No offense to the Tolkowsky family, but if you thought that Marcel was the father of the Ideal cut diamond, then you should have heard Al Gilbertson’s “American Cut: How a Group of Enterprising Americans Made Diamonds More Beautiful.”
Gilbertson, a research associate at the Gemological Institute of America and an expert in diamond cut grading, has been researching the Ideal cut for the past several years. He shared with his audience the evolution of the Ideal cut from its earliest beginnings, from the mid 1800s, and explained why it used to be called the American cut.
Since many in the trade attribute the Ideal cut design—and even its name—to Marcel Tolkowsky and his 1919 doctoral thesis, Gilbertson finds himself swimming against the current. Nevertheless, he talked about what he uncovered, what really happened “back then,” and who deserves credit.
“What Tolkowsky wrote was just a book—not a thesis,” said Gilbertson. “The Ideal cut was already in use in the U. S. by 1903 and was synonymous with the terms “American cut” and “scientific cut.” The proportions Tolkowsky espoused were nearly identical to the ones already in use as the American cut, except that the table size was significantly different.”
As early as 1903, ray tracing had shown that the proportions of the American cut were superior. “Frank Wade, one of the leading experts in the trade, helped establish the parameters of the American cut,” said Gilbertson. “But it was Herbert Whitlock in 1917 who published the most about ray tracing, demonstrating the superiority of the American cut.” This was, of course, two years prior to Tolkowsky’s book.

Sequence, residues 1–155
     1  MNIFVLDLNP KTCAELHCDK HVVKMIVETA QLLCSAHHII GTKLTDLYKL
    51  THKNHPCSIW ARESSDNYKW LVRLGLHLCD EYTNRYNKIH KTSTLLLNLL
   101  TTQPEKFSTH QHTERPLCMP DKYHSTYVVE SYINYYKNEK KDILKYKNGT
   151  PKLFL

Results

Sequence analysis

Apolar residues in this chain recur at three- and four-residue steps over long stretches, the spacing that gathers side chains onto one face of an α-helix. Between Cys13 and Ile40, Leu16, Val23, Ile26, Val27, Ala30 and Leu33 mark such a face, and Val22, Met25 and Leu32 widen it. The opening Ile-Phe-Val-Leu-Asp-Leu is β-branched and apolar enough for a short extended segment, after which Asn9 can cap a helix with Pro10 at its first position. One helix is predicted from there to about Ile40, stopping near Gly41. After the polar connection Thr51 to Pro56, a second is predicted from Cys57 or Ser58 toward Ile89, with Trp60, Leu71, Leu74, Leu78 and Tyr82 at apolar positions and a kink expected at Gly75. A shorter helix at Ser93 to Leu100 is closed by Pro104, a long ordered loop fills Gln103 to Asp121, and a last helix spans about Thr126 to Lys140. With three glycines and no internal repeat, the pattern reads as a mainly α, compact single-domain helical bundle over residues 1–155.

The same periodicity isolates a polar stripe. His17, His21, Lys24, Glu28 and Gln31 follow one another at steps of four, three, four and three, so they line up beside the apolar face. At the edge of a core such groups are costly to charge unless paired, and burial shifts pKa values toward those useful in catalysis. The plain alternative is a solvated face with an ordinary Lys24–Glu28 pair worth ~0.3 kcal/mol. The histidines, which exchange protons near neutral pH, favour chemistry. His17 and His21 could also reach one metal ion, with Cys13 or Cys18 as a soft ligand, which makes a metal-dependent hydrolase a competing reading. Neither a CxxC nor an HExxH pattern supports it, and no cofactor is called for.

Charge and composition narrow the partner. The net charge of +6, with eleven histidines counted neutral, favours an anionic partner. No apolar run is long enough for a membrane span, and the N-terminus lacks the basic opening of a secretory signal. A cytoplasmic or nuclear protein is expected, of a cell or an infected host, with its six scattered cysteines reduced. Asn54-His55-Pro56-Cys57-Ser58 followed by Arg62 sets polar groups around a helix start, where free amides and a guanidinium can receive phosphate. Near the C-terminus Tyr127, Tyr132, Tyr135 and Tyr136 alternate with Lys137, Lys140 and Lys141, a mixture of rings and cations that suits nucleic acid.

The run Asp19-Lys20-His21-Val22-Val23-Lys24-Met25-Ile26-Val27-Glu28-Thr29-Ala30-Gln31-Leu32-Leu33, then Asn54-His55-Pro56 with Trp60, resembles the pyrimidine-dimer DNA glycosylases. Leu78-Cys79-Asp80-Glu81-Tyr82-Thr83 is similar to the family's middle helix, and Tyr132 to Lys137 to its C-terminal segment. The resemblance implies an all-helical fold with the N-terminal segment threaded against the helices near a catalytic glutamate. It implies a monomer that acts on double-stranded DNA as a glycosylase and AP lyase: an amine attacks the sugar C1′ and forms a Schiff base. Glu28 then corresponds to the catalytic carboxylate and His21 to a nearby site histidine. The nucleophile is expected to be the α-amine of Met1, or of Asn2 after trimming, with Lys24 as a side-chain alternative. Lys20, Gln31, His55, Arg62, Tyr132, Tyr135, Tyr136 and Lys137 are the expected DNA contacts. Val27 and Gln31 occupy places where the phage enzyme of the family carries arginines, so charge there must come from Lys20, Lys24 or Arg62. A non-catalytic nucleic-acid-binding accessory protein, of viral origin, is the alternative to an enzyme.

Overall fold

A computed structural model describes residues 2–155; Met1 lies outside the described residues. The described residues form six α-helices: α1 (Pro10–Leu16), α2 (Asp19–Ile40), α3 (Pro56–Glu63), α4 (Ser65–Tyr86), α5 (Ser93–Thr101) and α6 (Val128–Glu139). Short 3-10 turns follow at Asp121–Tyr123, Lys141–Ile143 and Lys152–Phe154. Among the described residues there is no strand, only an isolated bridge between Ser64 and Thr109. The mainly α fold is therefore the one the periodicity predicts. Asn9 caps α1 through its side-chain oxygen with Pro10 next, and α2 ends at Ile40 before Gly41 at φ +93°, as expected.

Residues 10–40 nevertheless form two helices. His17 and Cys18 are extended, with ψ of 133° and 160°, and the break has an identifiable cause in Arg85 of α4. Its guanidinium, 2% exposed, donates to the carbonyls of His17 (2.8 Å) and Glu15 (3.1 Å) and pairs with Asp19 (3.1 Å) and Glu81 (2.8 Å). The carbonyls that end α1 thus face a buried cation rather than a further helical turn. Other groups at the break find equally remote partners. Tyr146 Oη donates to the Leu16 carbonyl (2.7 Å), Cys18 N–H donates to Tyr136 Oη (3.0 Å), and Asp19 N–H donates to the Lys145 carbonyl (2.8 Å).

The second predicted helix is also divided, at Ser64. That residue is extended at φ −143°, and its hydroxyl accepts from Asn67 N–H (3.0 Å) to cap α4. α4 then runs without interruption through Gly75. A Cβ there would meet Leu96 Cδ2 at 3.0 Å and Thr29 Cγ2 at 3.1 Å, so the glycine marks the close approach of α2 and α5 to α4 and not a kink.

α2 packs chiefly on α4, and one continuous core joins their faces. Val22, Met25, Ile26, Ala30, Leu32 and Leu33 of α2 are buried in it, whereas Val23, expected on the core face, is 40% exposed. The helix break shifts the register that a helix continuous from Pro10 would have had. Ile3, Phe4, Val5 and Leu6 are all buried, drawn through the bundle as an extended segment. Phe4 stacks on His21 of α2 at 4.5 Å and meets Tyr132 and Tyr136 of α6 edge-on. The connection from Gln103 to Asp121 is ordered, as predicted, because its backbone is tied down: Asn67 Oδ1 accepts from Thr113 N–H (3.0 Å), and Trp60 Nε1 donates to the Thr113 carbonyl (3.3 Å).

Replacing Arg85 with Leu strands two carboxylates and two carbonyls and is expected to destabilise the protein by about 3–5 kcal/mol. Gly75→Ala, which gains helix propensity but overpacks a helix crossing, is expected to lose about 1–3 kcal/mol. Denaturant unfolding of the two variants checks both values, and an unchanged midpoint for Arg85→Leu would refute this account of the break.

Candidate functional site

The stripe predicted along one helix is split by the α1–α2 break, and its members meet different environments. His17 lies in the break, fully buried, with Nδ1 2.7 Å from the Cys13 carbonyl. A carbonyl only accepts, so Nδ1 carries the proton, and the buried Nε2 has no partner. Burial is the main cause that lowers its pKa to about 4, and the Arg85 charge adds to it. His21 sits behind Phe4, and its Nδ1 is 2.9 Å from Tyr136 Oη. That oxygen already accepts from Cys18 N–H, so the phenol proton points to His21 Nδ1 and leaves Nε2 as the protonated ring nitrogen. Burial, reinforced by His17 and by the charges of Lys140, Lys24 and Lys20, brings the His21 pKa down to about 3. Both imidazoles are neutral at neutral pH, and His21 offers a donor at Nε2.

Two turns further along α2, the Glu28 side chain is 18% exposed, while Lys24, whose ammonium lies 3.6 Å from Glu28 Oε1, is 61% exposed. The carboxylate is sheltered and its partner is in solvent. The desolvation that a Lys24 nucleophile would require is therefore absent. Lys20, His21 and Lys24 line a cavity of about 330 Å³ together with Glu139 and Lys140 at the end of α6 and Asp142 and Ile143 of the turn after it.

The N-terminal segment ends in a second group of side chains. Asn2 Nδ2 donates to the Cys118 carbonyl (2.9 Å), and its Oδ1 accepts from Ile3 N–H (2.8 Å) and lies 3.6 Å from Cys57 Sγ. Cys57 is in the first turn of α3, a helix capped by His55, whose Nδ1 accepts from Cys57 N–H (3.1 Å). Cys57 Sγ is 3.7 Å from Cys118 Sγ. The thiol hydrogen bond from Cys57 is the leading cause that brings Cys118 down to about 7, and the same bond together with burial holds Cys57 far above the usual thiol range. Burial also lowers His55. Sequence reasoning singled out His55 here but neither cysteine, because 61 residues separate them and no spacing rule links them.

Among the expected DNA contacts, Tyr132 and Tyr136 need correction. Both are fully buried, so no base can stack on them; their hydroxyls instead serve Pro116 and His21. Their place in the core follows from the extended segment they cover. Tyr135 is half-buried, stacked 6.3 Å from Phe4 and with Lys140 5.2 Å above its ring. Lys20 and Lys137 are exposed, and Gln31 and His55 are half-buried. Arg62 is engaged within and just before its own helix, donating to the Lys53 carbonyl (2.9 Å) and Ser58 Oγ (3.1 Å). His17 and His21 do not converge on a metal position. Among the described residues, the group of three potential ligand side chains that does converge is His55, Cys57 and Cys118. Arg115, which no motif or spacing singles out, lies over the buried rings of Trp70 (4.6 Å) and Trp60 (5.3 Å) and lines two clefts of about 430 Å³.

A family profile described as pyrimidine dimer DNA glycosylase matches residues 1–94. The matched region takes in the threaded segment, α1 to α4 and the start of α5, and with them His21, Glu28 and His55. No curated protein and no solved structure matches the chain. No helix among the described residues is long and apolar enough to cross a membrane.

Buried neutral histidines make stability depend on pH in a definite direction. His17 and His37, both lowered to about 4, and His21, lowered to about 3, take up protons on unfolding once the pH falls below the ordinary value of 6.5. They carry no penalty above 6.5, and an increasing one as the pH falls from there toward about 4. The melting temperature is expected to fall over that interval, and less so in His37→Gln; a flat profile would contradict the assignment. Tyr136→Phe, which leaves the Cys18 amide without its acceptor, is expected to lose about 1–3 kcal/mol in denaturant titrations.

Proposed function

“It was called the American cut due to the efforts of Henry Morse, a diamond cutter in Boston, who, by 1873, had built a machine that made a diamond perfectly round,” Gilbertson explained. “This was the first bruting machine. Prior to this, diamonds were rarely cut as round shapes. Morse also made the first gauge to measure the angles of diamonds and through repeated experiments decided which angles were the best for the crown and pavilion.”
Other cutting factories sprang up in America, copying his methods, and, by 1900, Morse’s style of cutting was called the American cut.
The new cutting style was soon being followed all over the world, and for some time it was called American cut. Tolkowsky’s 1919 book influenced the leading experts in America; they modified their cutting style by matching his table size.
“GIA’s introduction of gemological training in the 1930s further spread the terms and proportions of the Ideal cut,” said Gilbertson. “And it was in 1953 that GIA’s Richard Liddicoat introduced the first cut-grading system at the same time he introduced what would become the international system for color and clarity grading, based on the proportions of the American cut.”
So, don’t throw out that Tolkowsky Ideal cut T-shirt yet, but realize that the names Morse, Whitlock, and Wade also should be attached to the Ideal cut diamond.